Knowledge And Attitude Towards Pain Management Among Medical And Paramedical Students Of An Ethiopian University
|Eyob T1*, Mulatu A1 and Abrha H2|
|1 Department of Pharmacy, Jimma University, Jimma, Ethiopia|
|2 Department of Epidemiology, Jimma University, Jimma, Ethiopia|
|Corresponding Author :||Tewodros Eyob
Department of Pharmacy
Jimma University, Jimma, Ethiopia
Tel: 251 913243061
E-mail: [email protected]
|Received December 05, 2013; Accepted December 20, 2013; Published December 22, 2013|
|Citation: Eyob T, Mulatu A, Abrha H (2013) Knowledge and Attitude towards Pain Management among Medical and Paramedical students of an Ethiopian University. J Pain Relief 3:127. doi: 10.4172/2167-0846.1000127|
|Copyright: © 2013 Eyob T, et al. This is an open-access article distributed under the terms of the Creative Commons Attribution License, which permits unrestricted use, distribution, and reproduction in any medium, provided the original author and source are credited.|
Background: Poor attitude and lack of knowledge about pain has long been demonstrated to encumber the manner in which professionals and their patients respond to the varied dimensions of pain management.
Objective: The aim of the current study was to assess the level of knowledge and attitudes regarding pain management of the 2013 final year students of Medical and paramedical students of College of Public Health and Medical Sciences(CPHMS) of Jimma University, South-west Ethiopia.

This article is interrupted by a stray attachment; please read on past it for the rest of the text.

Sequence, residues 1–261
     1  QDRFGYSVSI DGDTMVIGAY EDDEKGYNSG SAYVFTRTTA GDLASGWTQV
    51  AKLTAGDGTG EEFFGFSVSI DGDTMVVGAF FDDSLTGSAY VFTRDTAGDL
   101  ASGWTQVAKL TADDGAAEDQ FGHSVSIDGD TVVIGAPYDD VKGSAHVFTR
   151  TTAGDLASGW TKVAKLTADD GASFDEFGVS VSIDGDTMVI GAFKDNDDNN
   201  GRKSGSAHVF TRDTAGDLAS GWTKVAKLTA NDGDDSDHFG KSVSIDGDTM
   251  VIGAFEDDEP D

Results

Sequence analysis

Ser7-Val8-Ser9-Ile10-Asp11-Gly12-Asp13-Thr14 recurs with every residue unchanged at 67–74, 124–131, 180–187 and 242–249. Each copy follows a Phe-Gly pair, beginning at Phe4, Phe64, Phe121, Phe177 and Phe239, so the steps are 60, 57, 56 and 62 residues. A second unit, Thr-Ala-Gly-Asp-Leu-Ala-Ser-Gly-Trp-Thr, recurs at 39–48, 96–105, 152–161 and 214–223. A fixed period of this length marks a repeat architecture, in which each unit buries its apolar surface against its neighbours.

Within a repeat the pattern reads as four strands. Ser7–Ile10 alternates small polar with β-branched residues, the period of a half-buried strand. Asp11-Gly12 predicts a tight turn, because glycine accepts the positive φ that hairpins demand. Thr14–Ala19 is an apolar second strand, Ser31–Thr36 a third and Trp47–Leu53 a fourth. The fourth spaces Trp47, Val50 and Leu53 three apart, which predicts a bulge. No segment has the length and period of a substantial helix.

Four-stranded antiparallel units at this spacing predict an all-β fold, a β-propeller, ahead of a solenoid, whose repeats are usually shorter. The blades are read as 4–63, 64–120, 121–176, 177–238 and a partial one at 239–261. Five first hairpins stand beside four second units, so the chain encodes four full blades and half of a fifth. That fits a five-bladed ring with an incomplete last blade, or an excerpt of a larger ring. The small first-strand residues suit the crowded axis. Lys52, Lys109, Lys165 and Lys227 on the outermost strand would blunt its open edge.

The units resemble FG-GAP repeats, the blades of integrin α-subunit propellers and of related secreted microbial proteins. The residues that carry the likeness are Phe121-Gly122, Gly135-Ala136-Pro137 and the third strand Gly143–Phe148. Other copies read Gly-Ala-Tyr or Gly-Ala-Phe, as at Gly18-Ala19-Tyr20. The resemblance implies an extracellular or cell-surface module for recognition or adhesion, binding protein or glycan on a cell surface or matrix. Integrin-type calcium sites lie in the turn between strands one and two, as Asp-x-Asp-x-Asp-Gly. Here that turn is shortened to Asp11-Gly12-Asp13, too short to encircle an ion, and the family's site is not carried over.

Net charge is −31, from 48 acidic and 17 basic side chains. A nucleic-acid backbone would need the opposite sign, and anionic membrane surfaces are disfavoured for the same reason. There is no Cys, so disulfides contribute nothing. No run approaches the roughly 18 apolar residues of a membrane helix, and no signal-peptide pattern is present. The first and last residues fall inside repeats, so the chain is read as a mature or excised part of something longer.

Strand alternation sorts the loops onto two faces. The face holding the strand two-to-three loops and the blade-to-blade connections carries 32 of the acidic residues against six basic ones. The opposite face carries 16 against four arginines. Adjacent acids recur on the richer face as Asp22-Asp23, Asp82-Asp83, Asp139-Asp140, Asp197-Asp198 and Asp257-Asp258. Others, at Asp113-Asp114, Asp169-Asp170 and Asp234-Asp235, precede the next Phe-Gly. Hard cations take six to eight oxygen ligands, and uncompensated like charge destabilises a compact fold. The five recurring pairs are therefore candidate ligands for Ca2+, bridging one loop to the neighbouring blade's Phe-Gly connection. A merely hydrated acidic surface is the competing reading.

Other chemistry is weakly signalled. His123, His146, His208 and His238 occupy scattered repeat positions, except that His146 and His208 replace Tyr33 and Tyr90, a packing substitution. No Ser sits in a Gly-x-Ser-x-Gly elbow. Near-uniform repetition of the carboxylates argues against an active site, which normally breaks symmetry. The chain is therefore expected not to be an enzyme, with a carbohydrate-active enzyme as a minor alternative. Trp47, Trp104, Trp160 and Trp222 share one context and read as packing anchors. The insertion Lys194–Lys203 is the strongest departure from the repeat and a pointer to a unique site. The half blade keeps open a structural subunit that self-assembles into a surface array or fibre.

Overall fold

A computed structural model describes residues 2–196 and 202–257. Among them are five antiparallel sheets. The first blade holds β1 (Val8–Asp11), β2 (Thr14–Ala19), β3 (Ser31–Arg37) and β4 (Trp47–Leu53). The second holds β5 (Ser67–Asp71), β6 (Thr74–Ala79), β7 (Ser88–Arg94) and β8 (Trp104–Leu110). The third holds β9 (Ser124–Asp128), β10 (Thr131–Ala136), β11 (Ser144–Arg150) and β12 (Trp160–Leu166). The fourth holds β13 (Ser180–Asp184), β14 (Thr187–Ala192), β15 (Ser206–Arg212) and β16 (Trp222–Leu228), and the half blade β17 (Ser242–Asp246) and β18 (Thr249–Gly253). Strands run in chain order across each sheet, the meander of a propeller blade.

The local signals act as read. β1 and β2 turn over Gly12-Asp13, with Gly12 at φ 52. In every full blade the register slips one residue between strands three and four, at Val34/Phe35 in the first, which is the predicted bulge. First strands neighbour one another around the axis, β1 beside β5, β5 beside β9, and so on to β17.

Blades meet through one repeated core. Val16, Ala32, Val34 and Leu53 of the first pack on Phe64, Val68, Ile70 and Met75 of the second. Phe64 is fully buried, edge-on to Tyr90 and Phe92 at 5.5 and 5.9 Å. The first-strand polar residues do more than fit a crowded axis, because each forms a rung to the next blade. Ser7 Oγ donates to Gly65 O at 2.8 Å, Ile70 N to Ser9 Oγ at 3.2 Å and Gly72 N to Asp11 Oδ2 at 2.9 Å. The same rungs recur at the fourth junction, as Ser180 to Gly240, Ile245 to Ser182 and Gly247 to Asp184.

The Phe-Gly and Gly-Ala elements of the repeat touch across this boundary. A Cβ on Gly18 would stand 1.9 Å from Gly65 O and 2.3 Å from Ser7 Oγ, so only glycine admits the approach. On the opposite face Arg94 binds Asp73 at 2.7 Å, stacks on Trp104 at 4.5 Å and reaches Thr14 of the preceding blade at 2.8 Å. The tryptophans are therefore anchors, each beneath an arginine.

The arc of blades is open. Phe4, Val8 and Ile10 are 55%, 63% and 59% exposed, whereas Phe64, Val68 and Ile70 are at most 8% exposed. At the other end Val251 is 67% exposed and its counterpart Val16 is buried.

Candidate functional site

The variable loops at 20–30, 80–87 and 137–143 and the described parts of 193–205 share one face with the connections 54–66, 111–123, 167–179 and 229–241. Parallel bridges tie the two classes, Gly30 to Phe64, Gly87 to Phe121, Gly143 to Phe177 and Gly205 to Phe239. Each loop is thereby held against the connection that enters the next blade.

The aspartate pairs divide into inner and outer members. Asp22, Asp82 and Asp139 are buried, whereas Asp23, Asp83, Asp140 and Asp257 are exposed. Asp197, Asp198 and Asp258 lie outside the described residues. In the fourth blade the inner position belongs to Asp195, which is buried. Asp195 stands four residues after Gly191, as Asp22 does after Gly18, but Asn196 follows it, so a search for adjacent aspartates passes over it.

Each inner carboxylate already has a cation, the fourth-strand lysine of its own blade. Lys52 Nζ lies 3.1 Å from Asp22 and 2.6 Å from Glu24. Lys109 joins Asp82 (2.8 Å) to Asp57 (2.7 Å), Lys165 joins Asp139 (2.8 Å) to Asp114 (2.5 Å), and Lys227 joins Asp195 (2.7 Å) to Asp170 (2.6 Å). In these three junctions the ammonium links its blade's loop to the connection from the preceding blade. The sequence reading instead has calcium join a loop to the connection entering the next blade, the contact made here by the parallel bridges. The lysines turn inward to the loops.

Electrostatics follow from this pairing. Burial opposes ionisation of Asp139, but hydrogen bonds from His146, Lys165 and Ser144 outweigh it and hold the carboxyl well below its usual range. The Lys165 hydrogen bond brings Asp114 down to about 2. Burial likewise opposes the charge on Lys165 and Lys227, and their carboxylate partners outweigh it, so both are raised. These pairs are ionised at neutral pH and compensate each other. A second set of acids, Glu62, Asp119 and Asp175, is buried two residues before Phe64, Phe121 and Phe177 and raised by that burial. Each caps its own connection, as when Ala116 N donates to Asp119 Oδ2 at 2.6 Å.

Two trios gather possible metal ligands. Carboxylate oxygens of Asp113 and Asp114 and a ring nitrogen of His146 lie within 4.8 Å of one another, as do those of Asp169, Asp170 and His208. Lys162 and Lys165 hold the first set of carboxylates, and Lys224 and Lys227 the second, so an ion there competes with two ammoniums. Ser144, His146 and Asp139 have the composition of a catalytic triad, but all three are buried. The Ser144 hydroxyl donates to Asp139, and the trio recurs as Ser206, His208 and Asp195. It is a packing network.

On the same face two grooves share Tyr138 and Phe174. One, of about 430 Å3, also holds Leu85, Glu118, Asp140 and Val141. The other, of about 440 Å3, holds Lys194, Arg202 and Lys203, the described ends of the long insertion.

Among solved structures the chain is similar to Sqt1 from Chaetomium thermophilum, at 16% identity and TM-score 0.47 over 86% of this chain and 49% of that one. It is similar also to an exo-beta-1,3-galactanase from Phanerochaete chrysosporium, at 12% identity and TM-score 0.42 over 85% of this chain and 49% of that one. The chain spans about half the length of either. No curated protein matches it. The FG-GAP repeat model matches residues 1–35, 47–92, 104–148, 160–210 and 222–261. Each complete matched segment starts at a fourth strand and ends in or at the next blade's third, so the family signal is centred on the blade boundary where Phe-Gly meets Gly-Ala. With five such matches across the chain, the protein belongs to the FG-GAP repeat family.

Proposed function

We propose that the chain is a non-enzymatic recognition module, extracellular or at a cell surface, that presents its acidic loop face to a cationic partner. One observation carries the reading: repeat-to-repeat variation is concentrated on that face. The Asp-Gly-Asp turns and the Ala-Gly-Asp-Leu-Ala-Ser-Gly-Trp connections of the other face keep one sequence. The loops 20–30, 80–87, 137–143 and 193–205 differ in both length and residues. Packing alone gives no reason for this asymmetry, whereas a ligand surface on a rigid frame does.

Methods: A cross-sectional survey was employed among final year undergraduate students using a validated 23-item consisting four likert scales. Results were depicted using narrations, means, percentages, figure and tables. Comparisons among groups were performed through one way analysis of variance, t-test and Pearson correlation. Item-total correlation and Cronbach’s alpha were computed using SPSS for Windows version 20. P-value below 5% level of significance was used to identify the statistical significance of factors for knowledge and attitude about pain management.
Results: A total of 422 graduate classes of the college’s student have completed a 23-item questionnaire evaluating knowledge and attitude about pain management. The reliability (Cronbach’s α) of the tool was 0.89. The overall percentage of correct answers was 52.3%.The mean percentage of correct answers for non-pharmacologic pain management, assessment of and attention paid to pain, general principle of pain management, opiods, and children’s pain management items were 80.3, 62.4, 52.1, 40.3, and 31.5 respectively. Only 4.2 % of the students scored above the cutoff point (70%) for good knowledge regarding pain management. Nevertheless, though paradoxical, 73 % of the participants responded that they have adequately learnt about pain management in their academic carriers. Pharmacy students had a mean score of correct answer of 55.7% followed by Medicine 54.7%, Anesthesia 51.8%, Health Officer (HO) 50.9%, Dentistry 50.6%, and Nursing 49.9%.There was a statistically significant difference in the number of correct answers among the departments (ANOVA, P = 0.004). The only differences were between Pharmacy vs. Nursing or HO officer students (p=0.02).
Conclusion: Unacceptable level of knowledge deficits and poor attitudes were distinguished in this study which augments the universal concern of inadequate knowledge and attitudes regarding pain management. Thus, the situation demands various educational and quality improvement initiatives in pain management that could enhance the student’s knowledge in the area of pain management and ultimately improve practices for bettering patients’ quality of life.